In Bangkok, security has been tightened in a bid to reassure locals and visitors after the deadly blast on Monday at a religious shrine that left scores dead and injured. But authorities appear to have made little substantial progress in tracking down the alleged bomber, leaving tourism industry operators fearful about the impact in the months ahead.
Thai authorities increased security across the capital Friday, with police and military units taking a higher profile and patrolling at tourism sites popular with overseas visitors.
A statue of Hindu god Brahma remains damaged from Monday's deadly blast at the Erawan shrine in Bangkok, Thailand, August 20, 2015.
But authorities reported little official progress in their investigation. It has mainly focused on the grainy image of the suspected bomber, a young man who police have described as a foreigner seen leaving his backpack at the shrine shortly before the blast.
A police sketch of the individual has been posted widely on the Internet and at major transportation hubs. But, despite interviews with the taxi drivers who took him to and from the blast site, no further information about him has emerged some four days after the attack.
An unknown number of foreigners bearing a resemblance to the police sketch have turned themselves in or have been detained. All have been cleared.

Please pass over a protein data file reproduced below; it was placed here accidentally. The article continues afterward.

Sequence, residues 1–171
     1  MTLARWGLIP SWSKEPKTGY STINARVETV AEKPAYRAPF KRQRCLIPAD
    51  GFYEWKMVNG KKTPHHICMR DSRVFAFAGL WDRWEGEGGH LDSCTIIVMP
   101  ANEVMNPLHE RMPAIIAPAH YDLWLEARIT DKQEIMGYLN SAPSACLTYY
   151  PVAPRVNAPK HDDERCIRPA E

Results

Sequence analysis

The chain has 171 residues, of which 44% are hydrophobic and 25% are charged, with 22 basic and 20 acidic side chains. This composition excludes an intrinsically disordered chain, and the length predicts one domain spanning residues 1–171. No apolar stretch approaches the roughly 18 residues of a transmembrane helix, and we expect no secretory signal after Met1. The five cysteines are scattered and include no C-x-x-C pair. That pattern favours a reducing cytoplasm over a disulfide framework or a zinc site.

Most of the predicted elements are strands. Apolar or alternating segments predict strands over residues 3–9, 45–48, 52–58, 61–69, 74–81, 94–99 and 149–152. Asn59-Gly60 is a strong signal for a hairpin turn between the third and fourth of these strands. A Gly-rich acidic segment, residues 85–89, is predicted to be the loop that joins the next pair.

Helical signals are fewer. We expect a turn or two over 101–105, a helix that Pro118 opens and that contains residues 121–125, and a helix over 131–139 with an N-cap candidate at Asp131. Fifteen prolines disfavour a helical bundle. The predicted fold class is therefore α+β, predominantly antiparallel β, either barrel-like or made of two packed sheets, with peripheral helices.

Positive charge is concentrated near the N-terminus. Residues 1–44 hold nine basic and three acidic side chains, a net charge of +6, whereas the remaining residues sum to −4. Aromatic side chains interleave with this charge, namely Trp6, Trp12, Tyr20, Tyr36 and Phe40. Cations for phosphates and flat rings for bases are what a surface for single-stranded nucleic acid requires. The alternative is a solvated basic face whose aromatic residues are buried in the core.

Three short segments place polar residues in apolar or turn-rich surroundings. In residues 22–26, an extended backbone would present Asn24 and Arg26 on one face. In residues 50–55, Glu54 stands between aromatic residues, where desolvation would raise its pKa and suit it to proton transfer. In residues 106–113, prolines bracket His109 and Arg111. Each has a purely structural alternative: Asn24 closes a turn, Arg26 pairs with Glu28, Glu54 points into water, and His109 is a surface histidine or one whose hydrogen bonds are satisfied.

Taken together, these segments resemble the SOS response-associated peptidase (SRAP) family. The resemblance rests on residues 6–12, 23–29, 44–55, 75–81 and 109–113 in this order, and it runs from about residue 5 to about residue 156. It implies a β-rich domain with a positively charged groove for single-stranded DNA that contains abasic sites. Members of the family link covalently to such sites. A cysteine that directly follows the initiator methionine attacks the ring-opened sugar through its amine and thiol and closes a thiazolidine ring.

Travel warnings issued
More than 20 countries have issued travel warnings to their nationals to be vigilant while visiting Bangkok.
Thailand’s tourism sector has braced for a downturn, especially from the key China market. Many of the injured and killed were Chinese or of Chinese descent, a fact highlighted in China’s media.
Over the past six months, visitors from China increased by more than 100 percent to 4 million arrivals, spending $5.4 billion in Thailand, according to tourism authorities.
FILE - Vendors sell trinkets in a tourist district of Khao San Road in Bangkok, May 27, 2014.
Laurent Kuenzle, chief executive officer of Asian Trails, said the China market would be one of the most sensitive to react to the bloodshed.
Bookings had remained steady with few cancellations, he said, but hotels in Bangkok’s Chinatown had reported a high cancellation rate among tour groups from China.
The outlook remains uncertain heading into the peak holiday season ahead of Christmas, Kuenzle said: "Right now is not the booking season for most people — from what the impact on new bookings will be, I really cannot say at the moment."
As the country heads into its peak tourism season in the months ahead, tourism authorities are planning road shows to build confidence, especially for visitors from South Korea, Hong Kong, Japan and China.